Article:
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Fellowship in the Body

Fellowship in the Body


The word often produces one of two responses. Some respond with gratitude, as in, “I’m thankful for the fellowship we have in our church.” Others respond with dissatisfaction, as in, “We don’t have any fellowship in our church.”

What is implied in both responses is that fellowship is important. And, indeed, fellowship is central to the life of the church and is one of the important responsibilities that we have as members of her.

To understand what we mean by fellowship, we have to begin with God and who he is in himself. Within the one being of God there is delightful fellowship between Father, Son, and Holy Spirit. The three persons share one life in the deepest, most intimate sense.

When God saves us, that salvation is his taking us into his fellowship. This is at the heart of what it means to belong to God’s covenant of grace. It is to live in sweet communion with our Father-Friend as his children.

This means that our fellowship with God is the source of fellowship in the church. Our vertical relationship to God establishes and makes possible our horizontal relationships with fellow saints. Since we are united to Christ, we are also united to the other members of his body.

This also means that our fellowship with God is the goal or end of our fellowship with each other. The purpose of our fellowship with each other is that we all might be led to enjoy deeper fellowship with God.

As partakers of God’s covenant fellowship, we are called to seek fellowship with the other members of the church. Acts 2:42 sets before us the example of the early church: “And they continued stedfastly in the apostles’ doctrine and fellowship, and in breaking of bread, and in prayers.” 1 Cor. 5 says that we may not “keep company” with one who is excommunicated, but that implies that members of the church keep company with each other. The same is true in 2 Cor. 6 when it says we may not be yoked, have fellowship, communion, concord, part, or agreement with unbelievers. The implication is that we are yoked and have fellowship, communion, concord, part, and agreement with fellow believers. 1 John 1:3 grounds our fellowship with each other in our fellowship with God: “That which we have seen and heard declare we unto you, that ye also may have fellowship with us: and truly our fellowship is with the Father, and with his Son Jesus Christ.”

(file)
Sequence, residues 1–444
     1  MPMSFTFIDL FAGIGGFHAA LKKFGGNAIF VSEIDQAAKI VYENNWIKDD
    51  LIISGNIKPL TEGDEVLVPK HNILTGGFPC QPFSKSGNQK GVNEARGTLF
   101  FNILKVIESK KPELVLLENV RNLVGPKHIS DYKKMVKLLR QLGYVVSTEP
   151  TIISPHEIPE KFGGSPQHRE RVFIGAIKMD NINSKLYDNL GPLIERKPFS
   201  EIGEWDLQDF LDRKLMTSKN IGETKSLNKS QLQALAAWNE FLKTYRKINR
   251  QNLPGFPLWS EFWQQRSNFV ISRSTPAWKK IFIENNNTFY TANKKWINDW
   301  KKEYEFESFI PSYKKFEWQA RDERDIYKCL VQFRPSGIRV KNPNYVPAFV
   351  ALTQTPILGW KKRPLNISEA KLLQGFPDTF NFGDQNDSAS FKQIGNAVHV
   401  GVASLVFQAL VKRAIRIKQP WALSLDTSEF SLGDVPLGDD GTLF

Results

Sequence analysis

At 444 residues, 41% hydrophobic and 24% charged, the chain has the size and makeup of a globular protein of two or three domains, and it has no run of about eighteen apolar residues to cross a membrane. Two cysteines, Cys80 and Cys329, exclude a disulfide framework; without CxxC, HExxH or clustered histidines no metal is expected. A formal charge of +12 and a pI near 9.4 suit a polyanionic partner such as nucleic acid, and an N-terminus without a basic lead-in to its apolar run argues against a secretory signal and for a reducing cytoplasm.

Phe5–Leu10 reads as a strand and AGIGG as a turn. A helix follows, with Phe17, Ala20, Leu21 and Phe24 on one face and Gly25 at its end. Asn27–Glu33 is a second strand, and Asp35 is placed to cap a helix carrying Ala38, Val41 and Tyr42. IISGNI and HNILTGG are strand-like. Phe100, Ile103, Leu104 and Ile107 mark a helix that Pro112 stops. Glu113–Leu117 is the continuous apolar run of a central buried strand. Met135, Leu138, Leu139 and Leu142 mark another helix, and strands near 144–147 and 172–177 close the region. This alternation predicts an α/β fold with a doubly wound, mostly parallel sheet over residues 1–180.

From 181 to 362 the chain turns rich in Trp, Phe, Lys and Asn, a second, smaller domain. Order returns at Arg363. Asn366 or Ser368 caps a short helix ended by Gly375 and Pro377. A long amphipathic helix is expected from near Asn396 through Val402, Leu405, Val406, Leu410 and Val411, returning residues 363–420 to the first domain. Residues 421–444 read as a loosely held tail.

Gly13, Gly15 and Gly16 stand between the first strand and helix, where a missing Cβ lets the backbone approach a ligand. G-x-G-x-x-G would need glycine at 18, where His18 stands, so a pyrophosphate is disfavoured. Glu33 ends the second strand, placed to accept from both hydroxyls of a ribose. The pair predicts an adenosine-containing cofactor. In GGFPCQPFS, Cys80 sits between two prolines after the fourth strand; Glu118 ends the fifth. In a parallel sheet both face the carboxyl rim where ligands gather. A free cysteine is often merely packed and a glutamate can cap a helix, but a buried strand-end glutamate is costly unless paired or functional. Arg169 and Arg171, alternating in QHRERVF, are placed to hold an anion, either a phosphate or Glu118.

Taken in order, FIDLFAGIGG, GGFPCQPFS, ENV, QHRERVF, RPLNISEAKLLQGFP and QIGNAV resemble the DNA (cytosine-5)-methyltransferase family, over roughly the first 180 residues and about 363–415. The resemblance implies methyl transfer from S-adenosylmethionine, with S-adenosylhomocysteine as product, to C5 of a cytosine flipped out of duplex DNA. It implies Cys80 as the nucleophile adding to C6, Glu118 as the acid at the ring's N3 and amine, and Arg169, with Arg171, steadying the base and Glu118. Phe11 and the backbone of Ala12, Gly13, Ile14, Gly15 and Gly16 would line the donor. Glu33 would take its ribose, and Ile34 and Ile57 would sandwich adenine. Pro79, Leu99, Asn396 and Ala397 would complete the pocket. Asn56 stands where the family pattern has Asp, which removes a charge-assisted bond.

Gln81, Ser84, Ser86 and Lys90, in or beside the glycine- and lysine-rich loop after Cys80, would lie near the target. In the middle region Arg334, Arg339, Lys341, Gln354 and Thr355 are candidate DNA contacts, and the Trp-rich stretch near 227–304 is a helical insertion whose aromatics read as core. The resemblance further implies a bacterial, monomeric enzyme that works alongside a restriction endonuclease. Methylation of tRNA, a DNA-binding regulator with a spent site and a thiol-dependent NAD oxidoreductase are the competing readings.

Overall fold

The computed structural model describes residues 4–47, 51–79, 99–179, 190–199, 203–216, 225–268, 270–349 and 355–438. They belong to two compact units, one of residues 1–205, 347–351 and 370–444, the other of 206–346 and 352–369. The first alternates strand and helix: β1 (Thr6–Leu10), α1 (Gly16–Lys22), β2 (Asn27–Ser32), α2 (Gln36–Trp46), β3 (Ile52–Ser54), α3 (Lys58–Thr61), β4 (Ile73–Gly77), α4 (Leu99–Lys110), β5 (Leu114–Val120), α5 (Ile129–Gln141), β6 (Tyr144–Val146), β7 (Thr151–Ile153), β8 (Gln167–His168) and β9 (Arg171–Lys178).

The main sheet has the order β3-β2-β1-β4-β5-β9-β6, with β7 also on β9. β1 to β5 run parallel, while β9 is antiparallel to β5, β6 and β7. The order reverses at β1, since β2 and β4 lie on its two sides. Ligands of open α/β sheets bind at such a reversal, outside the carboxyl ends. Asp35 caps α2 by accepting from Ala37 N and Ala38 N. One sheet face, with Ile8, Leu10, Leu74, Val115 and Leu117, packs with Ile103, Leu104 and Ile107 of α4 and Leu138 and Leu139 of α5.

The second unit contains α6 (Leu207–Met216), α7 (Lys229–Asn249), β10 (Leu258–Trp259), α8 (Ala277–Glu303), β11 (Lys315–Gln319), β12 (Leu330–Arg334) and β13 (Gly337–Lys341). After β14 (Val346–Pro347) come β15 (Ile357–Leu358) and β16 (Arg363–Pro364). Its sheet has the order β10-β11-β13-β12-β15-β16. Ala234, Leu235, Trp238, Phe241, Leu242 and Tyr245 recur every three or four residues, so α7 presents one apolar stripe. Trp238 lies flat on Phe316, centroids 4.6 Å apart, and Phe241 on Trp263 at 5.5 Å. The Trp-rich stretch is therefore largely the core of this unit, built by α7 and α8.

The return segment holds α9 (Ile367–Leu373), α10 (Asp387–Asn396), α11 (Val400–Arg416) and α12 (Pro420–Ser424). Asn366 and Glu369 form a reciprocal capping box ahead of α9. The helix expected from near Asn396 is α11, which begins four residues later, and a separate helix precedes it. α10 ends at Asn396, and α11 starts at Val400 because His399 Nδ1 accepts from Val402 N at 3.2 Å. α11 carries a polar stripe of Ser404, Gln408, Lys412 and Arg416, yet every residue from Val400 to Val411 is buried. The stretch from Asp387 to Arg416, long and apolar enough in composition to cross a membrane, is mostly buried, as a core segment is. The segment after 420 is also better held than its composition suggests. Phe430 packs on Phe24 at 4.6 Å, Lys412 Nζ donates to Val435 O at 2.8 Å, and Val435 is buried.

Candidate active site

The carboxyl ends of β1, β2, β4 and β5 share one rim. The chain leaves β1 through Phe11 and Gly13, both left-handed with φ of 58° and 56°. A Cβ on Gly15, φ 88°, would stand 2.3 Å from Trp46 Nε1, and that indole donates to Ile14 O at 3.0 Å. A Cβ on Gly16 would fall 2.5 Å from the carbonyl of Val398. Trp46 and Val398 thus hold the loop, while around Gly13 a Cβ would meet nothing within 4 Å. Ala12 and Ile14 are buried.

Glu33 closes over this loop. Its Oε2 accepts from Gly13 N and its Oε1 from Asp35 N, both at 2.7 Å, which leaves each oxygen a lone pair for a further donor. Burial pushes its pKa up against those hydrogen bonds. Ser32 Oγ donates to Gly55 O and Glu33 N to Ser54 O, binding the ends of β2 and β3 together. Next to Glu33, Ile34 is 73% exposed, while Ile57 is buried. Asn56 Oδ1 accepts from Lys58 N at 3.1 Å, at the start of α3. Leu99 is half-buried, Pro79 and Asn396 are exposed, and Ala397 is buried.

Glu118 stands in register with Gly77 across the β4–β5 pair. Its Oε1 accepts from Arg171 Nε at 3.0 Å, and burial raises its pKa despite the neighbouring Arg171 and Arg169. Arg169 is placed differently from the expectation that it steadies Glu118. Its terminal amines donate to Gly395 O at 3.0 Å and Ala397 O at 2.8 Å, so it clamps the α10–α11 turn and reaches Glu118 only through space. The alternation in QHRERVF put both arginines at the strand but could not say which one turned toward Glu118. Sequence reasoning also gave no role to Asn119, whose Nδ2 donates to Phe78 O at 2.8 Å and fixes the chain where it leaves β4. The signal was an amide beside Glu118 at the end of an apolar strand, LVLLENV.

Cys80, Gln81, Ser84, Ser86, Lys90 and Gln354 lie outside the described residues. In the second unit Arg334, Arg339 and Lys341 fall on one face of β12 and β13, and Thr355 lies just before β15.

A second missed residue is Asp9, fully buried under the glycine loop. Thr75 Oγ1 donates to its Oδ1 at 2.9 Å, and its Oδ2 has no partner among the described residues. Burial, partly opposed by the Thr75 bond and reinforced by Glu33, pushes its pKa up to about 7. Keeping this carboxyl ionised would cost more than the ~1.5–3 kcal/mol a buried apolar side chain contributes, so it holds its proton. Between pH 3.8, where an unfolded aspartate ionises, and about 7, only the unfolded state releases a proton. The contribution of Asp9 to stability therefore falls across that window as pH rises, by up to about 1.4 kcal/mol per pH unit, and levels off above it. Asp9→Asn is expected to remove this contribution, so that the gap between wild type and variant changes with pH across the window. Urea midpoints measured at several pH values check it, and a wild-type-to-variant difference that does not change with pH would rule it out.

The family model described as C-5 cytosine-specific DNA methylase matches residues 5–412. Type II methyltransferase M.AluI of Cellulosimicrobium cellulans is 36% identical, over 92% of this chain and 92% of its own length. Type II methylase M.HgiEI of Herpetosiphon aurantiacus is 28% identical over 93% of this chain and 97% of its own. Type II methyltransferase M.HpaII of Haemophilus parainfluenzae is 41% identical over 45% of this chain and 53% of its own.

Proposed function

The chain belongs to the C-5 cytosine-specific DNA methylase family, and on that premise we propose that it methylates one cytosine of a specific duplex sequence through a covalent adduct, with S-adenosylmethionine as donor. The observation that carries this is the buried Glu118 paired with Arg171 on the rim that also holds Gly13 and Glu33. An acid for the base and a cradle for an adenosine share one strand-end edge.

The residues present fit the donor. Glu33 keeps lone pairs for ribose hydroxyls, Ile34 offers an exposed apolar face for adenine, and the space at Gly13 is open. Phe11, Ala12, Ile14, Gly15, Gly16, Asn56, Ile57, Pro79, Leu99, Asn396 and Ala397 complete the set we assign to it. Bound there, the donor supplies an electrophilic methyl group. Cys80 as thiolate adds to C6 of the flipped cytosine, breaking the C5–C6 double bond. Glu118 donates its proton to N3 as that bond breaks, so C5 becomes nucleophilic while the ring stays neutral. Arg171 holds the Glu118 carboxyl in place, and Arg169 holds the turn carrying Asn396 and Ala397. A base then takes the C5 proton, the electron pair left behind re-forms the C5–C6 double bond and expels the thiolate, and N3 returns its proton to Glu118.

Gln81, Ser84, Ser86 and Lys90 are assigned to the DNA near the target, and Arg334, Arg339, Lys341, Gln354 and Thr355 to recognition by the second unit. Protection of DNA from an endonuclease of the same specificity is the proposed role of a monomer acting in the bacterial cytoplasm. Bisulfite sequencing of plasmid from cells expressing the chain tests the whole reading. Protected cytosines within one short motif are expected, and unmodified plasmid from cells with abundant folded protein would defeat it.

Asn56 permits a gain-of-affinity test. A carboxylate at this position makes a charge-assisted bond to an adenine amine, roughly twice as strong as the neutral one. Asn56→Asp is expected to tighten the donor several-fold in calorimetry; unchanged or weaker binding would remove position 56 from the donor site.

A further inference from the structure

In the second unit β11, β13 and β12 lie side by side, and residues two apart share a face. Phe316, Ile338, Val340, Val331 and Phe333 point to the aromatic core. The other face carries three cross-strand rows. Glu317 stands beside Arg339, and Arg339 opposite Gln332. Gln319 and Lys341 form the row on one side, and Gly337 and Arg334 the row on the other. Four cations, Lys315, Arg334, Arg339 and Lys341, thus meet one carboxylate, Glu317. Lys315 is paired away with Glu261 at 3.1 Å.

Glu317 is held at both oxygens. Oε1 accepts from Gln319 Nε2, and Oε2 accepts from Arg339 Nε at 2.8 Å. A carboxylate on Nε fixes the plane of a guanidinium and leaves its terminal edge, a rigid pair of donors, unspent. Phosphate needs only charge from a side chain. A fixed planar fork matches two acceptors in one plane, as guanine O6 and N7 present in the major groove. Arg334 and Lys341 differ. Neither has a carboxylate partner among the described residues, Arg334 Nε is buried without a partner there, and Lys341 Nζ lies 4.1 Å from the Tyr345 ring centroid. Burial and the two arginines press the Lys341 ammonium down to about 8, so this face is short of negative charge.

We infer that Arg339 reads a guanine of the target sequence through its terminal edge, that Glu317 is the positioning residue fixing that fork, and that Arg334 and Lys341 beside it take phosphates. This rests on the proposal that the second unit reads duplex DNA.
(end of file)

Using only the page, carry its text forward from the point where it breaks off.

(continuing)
The calling to have fellowship is clear, but what exactly does that entail?

Fellowship can only be enjoyed when we know one another. It’s a sad reality in the church that we know too little of one another. We sit in church on Sunday next to fellow believers, and yet we know almost nothing about them and have nothing to do with them throughout the week. If we are called to have fellowship with one another, we must start by getting to know one another’s background, family, joys, and struggles. We can do this by staying and talking after church, by talking to different groups, by foregoing the weekly family gathering and inviting other members into our homes, or by joining a Bible study.

But we must not stop there in our description of fellowship. There is a difference between mere socializing and actually having true fellowship. We might talk after church or have others over to our home and talk about the weather, sports, and our families. And we can learn much about each other in this way. But if we never get around to talking about spiritual things, then we have missed the deeper fellowship.

Deeper fellowship involves seeking to grow together spiritually. According to J. I. Packer, true fellowship involves two main components. “It is, first, a sharing with our fellow-believers the things that God has made known to us about himself, in hope that we may thus help them to know him better and so enrich their fellowship with him.” “Fellowship,” he goes on to say, “is, secondly, a seeking to share in what God has made known of himself to others, as a means to finding strength, refreshment, and instruction for one’s own soul.” To put it simply, fellowship is a loving interest in the spiritual growth of our brother or sister in Christ. We rejoice with those that rejoice, and weep with those that weep. Fellowship is also a humble willingness to receive help from others.

There are many obstacles to this fellowship. One obstacle is a sinful attitude of independency and self-sufficiency. This is when we think that we don’t need anyone else. Another obstacle is a wrong fear of being judged by others if we open up about our struggles. The result of this attitude is that we clam up and pretend like everything is fine, when in reality it isn’t.

We all have to recognize our need for this fellowship. Not only does God use it as a powerful means of grace in the lives of others, but it is a powerful means of grace in my life too. This is true not just for the singles and those who are lonely. But it is true for all members of the church: male and female, married and single, with children and without, with large extended family and without.

Seeing the importance of this fellowship, we are then called to promote it in the church and to seek it. When each member strives to do so, the mention of fellowship will produce in us the response of gratitude: “I’m so thankful for the fellowship we enjoy in our church!”


This post was written by Rev. Joshua Engelsma, pastor of Doon Protestant Reformed Church in Doon, Iowa. If you have a question or comment about this blog article for Rev. Engelsma, please do so in the comment section.


Previous posts in this series:

  1. Lively Stones in God’s House
  2. Time To Build!
  3. Bound to Join
  4. A Hard Day’s Rest
  5. Noble Bereans
  6. Reformed…And Always Reforming
  7. A Cheerful Giver
  8. Echoing the Word

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